Somewhere in Indonesia | A Sumba Special

Somewhere in Indonesia | A Sumba Special

Somewhere in Indonesia, is a place called Sumba. 
An island.
Called the forgotten island by some.

Traditional Sumbanese huts

​An island unspoiled- slowly being recognized by the outside world.
Unique in its traditional homes and ikat weaves and known among the surfing community for its waves. 

Dry season in Sumba.

An island where foreigners are foreign and locals stay local.

Somewhere in Indonesia is an island called Sumba.
And somewhere on that island are friends heading out to collect spoils that the low tide has brought forth.

A man on a lagoon. Hoping and waiting that a tourist would need a raft. 

Weekuri Lagoon, Sumba
A newly built, long, white "road."
Along which one can find desolate, beautiful, white sand beaches, 
And safari-like sunsets.
Somewhere in Sumba are children, clad in their Sunday's best- singing at church.
And their parents proudly watching- at them and us.
Somewhere in Sumba is an animal walking to its death.
A sacrifice made by tribes...
Animal sacrifice, a Sumbanese tradition
Traditional Sumbanese items sold in the villages. Lots of fertility necklaces.
​...​tribes who have held on to their rituals, traditional homes, and that are now making way to the curious tourist.
There are clans, there are leaders, and there are rules.
Do not show up to their village without a gift.

Betel nut being sold at the market.
Visitor record keeping book, next to betel nut gift.

Somewhere in Sumba is someone selling betel nut.
Someone chewing betel nut,
Someone spitting betel nut,
Someone accepting betel nut as a gift to enter her village or home.
But when you enter, do not walk on the tombstones.

​Somewhere in Sumba are tombstones that rest in villages
And inside lies their deceased.
Somewhere in Sumba are girls making their way to school.
They know that the distance would be worth it-
A better life.

Rebuilding a house
Somewhere in Indonesia is an island called Sumba.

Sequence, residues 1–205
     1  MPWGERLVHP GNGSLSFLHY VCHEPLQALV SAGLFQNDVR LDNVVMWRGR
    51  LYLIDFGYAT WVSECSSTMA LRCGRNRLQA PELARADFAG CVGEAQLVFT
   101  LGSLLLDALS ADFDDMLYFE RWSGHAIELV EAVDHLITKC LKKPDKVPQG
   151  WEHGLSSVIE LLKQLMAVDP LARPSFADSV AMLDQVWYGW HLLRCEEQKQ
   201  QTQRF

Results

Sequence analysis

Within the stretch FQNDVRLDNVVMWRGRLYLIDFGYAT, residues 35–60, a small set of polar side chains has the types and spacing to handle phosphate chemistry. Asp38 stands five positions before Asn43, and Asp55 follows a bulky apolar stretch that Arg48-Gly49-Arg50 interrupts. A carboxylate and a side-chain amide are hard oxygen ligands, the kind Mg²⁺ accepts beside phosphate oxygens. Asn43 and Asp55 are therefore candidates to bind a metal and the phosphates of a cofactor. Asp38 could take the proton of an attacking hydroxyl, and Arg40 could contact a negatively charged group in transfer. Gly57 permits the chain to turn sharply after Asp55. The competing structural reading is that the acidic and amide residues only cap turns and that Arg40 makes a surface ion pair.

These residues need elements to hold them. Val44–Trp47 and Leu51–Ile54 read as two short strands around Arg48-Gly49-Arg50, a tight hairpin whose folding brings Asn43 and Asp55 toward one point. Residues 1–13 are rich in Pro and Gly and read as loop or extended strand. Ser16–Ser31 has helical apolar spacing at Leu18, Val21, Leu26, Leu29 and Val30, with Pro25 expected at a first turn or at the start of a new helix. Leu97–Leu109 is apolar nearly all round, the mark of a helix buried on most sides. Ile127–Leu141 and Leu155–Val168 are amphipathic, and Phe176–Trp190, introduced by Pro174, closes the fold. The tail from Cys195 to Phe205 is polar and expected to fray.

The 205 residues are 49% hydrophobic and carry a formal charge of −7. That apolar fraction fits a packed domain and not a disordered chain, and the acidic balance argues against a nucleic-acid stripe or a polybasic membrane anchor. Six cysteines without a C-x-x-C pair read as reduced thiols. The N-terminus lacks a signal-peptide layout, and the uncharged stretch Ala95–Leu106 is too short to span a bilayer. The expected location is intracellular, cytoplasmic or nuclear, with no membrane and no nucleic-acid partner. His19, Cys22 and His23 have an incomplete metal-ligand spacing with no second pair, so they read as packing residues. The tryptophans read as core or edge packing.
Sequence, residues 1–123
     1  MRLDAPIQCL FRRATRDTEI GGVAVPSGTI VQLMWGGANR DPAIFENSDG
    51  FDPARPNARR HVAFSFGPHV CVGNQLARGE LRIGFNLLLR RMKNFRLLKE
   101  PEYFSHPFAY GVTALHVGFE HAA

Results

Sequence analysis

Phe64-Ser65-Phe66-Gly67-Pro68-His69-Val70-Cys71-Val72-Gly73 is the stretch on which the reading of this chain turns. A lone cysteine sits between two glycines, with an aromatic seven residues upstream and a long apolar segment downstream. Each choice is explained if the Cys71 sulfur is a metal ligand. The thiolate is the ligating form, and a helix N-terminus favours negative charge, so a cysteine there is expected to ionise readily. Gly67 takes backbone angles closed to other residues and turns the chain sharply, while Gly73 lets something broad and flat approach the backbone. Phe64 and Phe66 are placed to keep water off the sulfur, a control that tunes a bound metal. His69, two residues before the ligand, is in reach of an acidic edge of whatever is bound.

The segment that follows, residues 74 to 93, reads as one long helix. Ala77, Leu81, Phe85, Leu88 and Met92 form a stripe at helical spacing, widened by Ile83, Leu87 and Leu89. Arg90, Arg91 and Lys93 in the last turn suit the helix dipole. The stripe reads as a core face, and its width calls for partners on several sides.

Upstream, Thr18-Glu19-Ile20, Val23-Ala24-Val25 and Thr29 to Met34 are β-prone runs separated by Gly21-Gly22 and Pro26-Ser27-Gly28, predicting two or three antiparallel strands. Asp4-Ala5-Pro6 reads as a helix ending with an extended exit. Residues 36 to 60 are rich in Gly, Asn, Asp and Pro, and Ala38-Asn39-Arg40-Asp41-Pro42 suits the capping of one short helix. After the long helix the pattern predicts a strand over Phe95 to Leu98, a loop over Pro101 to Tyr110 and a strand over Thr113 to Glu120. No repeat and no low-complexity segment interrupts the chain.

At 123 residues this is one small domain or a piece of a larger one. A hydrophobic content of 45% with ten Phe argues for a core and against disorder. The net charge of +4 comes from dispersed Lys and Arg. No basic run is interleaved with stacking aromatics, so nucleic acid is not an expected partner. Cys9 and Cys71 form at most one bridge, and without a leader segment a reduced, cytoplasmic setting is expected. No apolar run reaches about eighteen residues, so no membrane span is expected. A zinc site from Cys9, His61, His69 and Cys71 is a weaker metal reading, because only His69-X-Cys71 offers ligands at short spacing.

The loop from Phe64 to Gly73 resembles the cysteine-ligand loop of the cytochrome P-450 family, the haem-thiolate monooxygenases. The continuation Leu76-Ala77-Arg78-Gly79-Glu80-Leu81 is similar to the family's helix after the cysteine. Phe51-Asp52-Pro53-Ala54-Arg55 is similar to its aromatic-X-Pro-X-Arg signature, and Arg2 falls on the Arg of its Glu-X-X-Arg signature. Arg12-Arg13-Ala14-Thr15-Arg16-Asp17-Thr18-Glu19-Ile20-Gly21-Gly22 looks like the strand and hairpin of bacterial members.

A special place that feels like a world away, 
A great escape...

When traveling to Sumba:

 1. Mentally prepare to be in a place that doesn't have many basic amenities- restrooms or toilets that easily flush, ATMs and WiFi- think #bushlife
2. Pack lots of hand sanitizer, wet wipes, tissue, bug repellent, and a torchlight.
3. Be wary of bugs like centipedes and scorpions. 
4. This island has just started receiving tourists, and many hosts are trying to develop the island in a more environmentally friendly way. So please carry your reusable water bottles.
Sumba Surf Camp

​5. Accommodation options on the island are limited. There are one or two very nice resorts on the island, but they are costly. In general, bungalows and "resorts" are basic. Sumba Surf Camp is a great option, even if you aren't a surfer. The bungalows are new and very tastefully decorated (think glamping). The owner is French and prepares amazing meals (with vegetarian options) every day. 
6. Hire a driver and guide for at least the first two days, then you can skip the guide and let the driver take you around the island. 
7. Ask your guide for clear instructions on how to enter the villages and how to show respect. Do not walk or stand on the tombstones in the villages. Be careful as locals living in tribal villages may be territorial and aggressive, but many are also very friendly and hospitable. 
8. Go with a guide or at least a driver when visiting the villages and remember to always prepare betel nut as a gift to offer upon arrival, but do not feel obligated to buy craft made in the villages.
​9. Sumbanese are still adjusting to the presence of tourists on the island and may sometimes try to intimidate guests. You will most likely be asked to pay a fee before entering most places- even a wild lookout or walk down to a beach will cost you. Try not to let it ruin your trip. 
10. Ikat. You may see many villages selling ikat, and the East of Sumba is known for its Ikat weaving. Ask your tour guide or host beforehand what is an acceptable price to pay for the blankets so that you don't get ripped off on the spot. Please note that the tour guides are also sometimes intimidated by the villagers, be aware of how your behavior affects their relationship with them as well. 
11. Pack lots of dried foods that you can eat on the road. Like nuts, granola bars, chocolate. There aren't any fast-food chains, and there's a lack of restaurants in general. There are a few local food stops, but you may notice that it is not that sanitary. The best place to eat is at your accommodation's restaurant. 

Weaving at Ratenggaro Village
12. Visit as many beaches as you can. Most are empty, so feel free to do a little skinny dipping!
13. Try to contribute to the island and community in whatever way you can. It could be as simple as picking up trash that you may see along the beach, or buying food or toiletries at the local market, and distributing to any of the many villages in need. 
Lunch (rice) being prepared for the villagers

​ 14. Take it all in, the people, the landscape, the natural beauty, the sunsets, the emptiness. This island is a gem and won't be "the forgotten island' for long. 
Until My Next Adventure, 

XX Shanya
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